The Parliamentary Debates, Volume 15

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Published under the superintendence of T.C. Hansard, 1827 - Great Britain
 

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Page 701 - But authoritative instructions; mandates issued, which the member is bound blindly and implicitly to obey, to vote, and to argue for, though contrary to the clearest conviction of his judgment and conscience, — these are things utterly unknown to the laws of this land, and which arise from a fundamental mistake of the whole order and tenor of our constitution.
Page 1027 - Animadversions on the measures and proceedings of the Honourable Court of Directors, or other public authorities in England, connected with the Government of India, or disquisitions on political transactions of the local administration, or offensive remarks levelled at the...
Page 803 - As long as the necessity for the present amount of revenue subsists, your petitioners cannot expect so important a branch of it as the customs to be given up, nor to be materially diminished, unless some substitute, less objectionable, be suggested. But it is against every restrictive regulation of trade not essential to the revenue— against all duties merely protective from foreign competition — and against the excess of such duties as are partly for the purpose of revenue, and partly for that...
Page 297 - ... or her committal, or such evidence shall be adduced on behalf of the person charged as shall in their opinion weaken the presumption of his or her guilt, but there shall notwithstanding appear to them in either of such cases to be sufficient ground for judicial inquiry into his or her guilt, the person charged shall...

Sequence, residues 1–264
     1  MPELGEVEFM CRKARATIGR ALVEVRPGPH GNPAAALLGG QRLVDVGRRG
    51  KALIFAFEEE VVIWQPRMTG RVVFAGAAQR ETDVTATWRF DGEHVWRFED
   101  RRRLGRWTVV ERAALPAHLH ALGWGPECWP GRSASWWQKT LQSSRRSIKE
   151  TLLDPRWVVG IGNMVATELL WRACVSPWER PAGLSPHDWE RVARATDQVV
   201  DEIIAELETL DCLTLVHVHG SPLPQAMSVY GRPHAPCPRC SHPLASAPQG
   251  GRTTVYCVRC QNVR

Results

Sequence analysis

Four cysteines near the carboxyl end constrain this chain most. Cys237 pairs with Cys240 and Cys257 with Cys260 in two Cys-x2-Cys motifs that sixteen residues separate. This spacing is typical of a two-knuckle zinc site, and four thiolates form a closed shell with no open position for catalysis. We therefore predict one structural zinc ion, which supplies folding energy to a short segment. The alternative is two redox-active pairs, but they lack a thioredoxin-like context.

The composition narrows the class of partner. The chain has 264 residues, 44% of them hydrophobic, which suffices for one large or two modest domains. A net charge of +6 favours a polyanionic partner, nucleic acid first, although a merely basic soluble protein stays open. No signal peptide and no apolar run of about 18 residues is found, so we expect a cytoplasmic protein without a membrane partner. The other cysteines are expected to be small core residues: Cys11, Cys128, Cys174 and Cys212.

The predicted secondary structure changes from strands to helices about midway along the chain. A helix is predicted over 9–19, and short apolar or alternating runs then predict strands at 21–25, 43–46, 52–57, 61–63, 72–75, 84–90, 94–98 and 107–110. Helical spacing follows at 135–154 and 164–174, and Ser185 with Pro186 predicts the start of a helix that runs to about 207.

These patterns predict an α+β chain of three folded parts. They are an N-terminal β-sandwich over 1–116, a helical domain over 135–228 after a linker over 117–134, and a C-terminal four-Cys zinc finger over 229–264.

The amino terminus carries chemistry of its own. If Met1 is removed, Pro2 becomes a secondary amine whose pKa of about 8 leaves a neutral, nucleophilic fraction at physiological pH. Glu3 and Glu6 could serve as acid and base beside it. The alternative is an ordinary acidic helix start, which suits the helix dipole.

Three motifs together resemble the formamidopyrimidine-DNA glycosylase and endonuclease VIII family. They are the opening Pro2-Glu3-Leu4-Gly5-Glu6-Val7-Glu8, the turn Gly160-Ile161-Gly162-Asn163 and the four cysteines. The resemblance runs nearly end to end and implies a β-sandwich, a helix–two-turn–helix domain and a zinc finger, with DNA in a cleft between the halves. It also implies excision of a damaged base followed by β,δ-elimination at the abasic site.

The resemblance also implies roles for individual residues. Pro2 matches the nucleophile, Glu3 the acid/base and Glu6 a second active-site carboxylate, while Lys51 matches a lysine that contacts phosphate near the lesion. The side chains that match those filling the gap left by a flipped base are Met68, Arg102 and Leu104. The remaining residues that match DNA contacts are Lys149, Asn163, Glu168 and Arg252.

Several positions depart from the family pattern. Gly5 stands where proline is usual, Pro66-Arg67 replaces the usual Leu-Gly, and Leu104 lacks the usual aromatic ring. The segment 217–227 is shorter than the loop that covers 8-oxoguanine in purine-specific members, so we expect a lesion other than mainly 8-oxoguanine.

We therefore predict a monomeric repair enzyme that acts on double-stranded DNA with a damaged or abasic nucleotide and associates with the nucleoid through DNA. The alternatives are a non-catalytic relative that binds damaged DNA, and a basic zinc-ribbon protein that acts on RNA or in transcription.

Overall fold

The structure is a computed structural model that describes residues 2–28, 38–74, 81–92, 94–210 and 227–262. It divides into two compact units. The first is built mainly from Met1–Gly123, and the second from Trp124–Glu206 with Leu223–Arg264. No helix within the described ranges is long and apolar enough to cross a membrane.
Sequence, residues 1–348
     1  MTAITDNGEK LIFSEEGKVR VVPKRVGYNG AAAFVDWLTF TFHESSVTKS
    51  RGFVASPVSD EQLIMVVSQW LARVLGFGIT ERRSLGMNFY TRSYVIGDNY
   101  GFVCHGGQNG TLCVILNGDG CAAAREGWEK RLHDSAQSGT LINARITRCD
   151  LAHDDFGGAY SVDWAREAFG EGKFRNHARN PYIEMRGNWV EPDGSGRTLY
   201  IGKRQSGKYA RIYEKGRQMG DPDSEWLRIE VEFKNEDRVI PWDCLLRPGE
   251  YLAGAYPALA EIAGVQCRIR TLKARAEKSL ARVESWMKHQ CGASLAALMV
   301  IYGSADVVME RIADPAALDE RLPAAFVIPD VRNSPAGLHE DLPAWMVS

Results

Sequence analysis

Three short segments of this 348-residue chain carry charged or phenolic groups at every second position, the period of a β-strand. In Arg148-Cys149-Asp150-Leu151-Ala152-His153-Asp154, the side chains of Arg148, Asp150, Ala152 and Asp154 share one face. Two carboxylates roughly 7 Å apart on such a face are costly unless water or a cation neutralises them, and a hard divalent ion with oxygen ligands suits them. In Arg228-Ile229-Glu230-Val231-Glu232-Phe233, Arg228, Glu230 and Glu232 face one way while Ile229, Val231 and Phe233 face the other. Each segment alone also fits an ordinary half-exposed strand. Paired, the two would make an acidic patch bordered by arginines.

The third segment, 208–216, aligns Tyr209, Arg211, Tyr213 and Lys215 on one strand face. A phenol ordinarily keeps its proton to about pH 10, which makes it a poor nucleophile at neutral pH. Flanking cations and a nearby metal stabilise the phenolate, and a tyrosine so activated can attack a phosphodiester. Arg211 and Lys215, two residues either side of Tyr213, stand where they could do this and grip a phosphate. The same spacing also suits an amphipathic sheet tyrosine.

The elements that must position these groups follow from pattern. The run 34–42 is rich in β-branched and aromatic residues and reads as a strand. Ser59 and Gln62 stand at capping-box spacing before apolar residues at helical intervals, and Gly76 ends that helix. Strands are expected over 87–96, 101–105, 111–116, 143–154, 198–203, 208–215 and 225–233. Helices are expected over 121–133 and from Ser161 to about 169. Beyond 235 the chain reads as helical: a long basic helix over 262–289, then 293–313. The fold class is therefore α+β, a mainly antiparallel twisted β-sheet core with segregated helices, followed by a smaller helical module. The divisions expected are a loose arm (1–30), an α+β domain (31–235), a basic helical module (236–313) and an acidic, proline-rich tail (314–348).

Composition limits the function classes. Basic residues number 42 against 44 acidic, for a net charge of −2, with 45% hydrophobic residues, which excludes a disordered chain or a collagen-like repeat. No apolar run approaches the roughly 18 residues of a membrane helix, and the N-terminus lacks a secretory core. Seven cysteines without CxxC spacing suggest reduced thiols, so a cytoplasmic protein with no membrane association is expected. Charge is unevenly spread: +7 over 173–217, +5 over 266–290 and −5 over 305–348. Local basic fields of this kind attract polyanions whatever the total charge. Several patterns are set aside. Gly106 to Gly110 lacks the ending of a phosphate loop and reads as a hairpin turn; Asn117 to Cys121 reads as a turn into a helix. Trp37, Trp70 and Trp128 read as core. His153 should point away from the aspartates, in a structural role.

Page 5 - ... be explicitly avowed, and clearly understood, as its leading principle, that no attempt shall be made to influence or disturb the peculiar religious tenets of any sect or description of Christians.
Page 719 - Of whatsoe'er descent their godhead be, Stock, stone, or other homely pedigree, In his defence his servants are as bold As if he had been born of beaten gold. The Jewish Rabbins, though their enemies, In this conclude them honest men and wise ; For 'twas their duty, all the learned think, T" espouse his cause by whom they eat and drink.
Page 443 - ... most valuable articles of their furniture. As fuel is abundant, they are warmed more by close stoves than by the shelter of their wooden or mud houses covered by shingles, which admit the piercing cold of the severe weather through abundant crevices. If they have bees and a plot of chicory, their produce serves as a substitute for sugar and coffee ; but too often these must be sent to market to raise the scanty pittance which the tax-gatherer demands. Though the price of...
Page 141 - Tierney) could not have invented a better phrase to designate us than that which he has adopted, for we are certainly to all intents and purposes, a branch ot his majesty's government. Its proceedings, for some time past have proved, that though the gentlemen opposite are in office, we are in power. The measures are ours, but all the emoluments are theirs [cheers, and laughter.] It appears, by the right hon.
Page 1029 - The republication from English or other newspapers of passages coming under any of the above heads, or otherwise calculated to affect the British Power or reputation in India. 4th— Private scandal, and personal remarks on individuals tending to excite dissension in Society.
Page 417 - ... of a house, that the rain may run off, and are covered with a linen cloth. It is thus frequently a long time after the wheat has reached Dantzic, before it is fit to be placed in the warehouses.

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